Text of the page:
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Linear Elasticity Equations

Summary of the Equations of Linear Elasticity

The stiffness matrix of linear elastic isotropic material contains two parameters:

  • E, Young's modulus (elastic modulus)

  • ν, Poisson’s ratio

Define the following quantities.

σ=stressf=body forceε=strainu=displacement

The equilibrium equation is


The linearized, small-displacement strain-displacement relationship is


The balance of angular momentum states that stress is symmetric:


The Voigt notation for the constitutive equation of the linear isotropic model is


The expanded form uses all the entries in σ and ε takes symmetry into account.


In the preceding diagram, • means the entry is symmetric.

3D Linear Elasticity Problem

The toolbox form for the equation is


But the equations in the summary do not have ∇u alone, it appears together with its transpose:


It is a straightforward exercise to convert this equation for strain ε to ∇u. In column vector form,


Therefore, you can write the strain-displacement equation as


where A stands for the displayed matrix. So rewriting Equation 1, and recalling that • means an entry is symmetric, you can write the stiffness tensor as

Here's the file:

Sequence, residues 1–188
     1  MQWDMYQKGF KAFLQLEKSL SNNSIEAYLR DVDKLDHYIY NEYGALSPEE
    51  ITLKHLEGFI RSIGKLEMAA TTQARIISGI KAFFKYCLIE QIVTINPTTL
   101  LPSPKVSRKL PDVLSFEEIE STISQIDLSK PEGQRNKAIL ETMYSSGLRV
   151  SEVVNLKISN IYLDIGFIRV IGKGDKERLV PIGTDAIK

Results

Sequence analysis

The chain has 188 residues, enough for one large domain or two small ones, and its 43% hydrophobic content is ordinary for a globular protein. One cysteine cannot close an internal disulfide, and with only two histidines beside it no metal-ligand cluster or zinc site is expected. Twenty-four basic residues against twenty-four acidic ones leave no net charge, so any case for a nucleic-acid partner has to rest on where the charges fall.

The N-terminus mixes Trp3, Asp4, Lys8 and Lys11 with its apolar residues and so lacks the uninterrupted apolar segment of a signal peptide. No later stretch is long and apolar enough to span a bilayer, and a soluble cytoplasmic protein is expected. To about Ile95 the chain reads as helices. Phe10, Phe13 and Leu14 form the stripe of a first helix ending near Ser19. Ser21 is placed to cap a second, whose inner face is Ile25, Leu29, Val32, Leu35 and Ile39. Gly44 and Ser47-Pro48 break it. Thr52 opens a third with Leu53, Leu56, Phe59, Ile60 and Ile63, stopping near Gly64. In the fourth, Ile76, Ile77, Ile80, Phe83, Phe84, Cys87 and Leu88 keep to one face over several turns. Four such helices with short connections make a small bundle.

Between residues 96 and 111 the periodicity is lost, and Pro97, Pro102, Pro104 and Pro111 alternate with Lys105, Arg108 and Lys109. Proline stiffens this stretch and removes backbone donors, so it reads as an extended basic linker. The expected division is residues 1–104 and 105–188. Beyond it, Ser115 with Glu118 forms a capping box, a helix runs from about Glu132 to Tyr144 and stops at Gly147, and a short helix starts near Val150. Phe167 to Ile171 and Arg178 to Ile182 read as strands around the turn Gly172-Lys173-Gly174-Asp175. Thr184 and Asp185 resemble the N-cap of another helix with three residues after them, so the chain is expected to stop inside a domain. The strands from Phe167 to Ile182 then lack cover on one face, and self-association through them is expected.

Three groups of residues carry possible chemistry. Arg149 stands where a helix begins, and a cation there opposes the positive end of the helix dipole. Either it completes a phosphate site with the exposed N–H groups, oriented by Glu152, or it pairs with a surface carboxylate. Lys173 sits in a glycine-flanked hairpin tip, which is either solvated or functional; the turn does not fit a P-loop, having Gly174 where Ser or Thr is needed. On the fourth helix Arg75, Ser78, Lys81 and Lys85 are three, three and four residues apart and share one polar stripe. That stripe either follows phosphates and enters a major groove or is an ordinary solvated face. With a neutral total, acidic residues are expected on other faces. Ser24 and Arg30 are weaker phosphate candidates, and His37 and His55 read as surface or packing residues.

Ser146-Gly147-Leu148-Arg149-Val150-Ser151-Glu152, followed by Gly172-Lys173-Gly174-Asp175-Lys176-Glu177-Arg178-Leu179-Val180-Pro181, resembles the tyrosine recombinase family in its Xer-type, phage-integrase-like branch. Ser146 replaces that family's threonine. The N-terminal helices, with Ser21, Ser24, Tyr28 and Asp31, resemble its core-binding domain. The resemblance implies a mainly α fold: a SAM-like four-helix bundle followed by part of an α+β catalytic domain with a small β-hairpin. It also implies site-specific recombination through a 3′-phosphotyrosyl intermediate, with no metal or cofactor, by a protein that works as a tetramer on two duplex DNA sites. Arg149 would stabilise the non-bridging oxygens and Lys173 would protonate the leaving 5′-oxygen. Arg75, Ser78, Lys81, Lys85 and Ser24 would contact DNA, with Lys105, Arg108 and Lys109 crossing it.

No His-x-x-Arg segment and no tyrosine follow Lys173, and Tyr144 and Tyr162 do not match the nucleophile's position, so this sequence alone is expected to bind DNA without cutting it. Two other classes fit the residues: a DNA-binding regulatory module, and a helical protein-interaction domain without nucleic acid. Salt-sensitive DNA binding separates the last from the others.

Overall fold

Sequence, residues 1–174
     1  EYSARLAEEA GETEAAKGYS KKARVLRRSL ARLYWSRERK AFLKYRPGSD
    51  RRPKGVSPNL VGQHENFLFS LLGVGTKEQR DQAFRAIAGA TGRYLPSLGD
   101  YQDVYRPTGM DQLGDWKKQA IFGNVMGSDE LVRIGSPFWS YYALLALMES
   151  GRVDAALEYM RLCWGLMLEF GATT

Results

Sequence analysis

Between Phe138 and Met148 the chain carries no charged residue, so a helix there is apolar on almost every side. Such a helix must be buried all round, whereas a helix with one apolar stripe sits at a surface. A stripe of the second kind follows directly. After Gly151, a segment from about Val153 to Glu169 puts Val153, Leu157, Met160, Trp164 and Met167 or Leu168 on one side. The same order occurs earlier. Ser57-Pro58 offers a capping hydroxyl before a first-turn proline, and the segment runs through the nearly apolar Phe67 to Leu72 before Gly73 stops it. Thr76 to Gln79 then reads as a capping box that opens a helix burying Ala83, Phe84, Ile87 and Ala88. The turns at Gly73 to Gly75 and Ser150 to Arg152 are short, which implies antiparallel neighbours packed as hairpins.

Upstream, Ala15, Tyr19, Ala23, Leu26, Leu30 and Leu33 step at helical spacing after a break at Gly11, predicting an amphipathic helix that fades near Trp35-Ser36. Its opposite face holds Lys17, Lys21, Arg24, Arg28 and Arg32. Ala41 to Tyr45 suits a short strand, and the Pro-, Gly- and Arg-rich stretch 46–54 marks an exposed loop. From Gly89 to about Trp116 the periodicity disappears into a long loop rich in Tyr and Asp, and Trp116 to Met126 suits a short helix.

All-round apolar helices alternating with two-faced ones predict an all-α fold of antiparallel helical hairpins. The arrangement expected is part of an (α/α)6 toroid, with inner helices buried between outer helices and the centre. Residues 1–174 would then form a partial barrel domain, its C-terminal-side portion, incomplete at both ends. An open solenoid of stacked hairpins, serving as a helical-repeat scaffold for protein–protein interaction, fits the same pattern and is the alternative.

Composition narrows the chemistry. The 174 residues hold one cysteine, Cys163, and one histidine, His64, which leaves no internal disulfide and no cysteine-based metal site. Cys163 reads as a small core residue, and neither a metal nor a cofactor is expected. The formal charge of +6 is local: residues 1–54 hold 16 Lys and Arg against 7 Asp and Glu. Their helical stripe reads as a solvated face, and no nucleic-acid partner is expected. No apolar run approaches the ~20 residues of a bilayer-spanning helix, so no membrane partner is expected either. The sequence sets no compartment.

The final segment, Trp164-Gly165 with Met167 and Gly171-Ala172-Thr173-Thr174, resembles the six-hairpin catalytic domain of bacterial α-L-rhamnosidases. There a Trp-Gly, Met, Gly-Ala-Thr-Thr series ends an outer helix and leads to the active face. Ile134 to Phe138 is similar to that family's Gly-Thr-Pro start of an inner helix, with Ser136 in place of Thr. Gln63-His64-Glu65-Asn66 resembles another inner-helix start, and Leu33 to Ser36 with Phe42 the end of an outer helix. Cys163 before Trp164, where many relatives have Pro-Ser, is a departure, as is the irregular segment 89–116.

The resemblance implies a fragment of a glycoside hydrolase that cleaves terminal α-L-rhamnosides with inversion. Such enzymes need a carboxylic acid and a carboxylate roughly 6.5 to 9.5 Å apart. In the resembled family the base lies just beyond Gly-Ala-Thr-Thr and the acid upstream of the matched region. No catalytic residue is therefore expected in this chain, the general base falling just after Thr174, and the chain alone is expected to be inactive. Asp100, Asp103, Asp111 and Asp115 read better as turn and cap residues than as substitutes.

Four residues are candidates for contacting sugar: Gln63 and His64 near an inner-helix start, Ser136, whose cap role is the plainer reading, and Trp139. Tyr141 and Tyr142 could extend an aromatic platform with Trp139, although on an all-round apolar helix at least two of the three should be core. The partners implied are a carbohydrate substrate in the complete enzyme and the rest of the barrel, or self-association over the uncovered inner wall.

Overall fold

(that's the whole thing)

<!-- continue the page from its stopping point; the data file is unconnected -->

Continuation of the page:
Make the definitions


and the equation becomes


If you are solving a 3-D linear elasticity problem by using PDEModel instead of StructuralModel, use the elasticityC3D(E,nu) function (included in your software) to obtain the c coefficient. This function uses the linearized, small-displacement assumption for an isotropic material. For examples that use this function, see StationaryResults.

Plane Stress

Plane stress is a condition that prevails in a flat plate in the x-y plane, loaded only in its own plane and without z-direction restraint. For plane stress, σ13 = σ23 = σ31 = σ32 = σ33 = 0. Assuming isotropic conditions, the Hooke's law for plane stress gives the following strain-stress relation:


Inverting this equation, obtain the stress-strain relation:


Convert the equation for strain ε to ∇u.


Now you can rewrite the stiffness matrix as


Plane Strain

Plane strain is a deformation state where there are no displacements in the z-direction, and the displacements in the x- and y-directions are functions of x and y but not z. The stress-strain relation is only slightly different from the plane stress case, and the same set of material parameters is used.

For plane strain, ε13 = ε23 = ε31 = ε32 = ε33 = 0. Assuming isotropic conditions, the stress-strain relation can be written as follows:


Convert the equation for strain ε to ∇u.


Now you can rewrite the stiffness matrix as